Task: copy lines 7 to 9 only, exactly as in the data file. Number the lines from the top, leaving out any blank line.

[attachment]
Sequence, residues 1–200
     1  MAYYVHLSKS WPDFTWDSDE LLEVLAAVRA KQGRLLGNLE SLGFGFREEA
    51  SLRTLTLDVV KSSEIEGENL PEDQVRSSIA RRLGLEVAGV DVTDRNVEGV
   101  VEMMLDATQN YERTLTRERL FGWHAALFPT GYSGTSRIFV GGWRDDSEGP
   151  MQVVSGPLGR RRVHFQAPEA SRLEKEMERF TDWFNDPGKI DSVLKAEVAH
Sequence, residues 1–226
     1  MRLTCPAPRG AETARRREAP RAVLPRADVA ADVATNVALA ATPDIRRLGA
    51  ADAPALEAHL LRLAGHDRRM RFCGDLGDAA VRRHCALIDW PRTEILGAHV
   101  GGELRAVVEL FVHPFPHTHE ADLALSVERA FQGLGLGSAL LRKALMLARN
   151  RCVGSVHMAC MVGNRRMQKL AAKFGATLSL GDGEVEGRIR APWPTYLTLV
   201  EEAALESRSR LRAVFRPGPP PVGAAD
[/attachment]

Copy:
     1  MRLTCPAPRG AETARRREAP RAVLPRADVA ADVATNVALA ATPDIRRLGA
    51  ADAPALEAHL LRLAGHDRRM RFCGDLGDAA VRRHCALIDW PRTEILGAHV
   101  GGELRAVVEL FVHPFPHTHE ADLALSVERA FQGLGLGSAL LRKALMLARN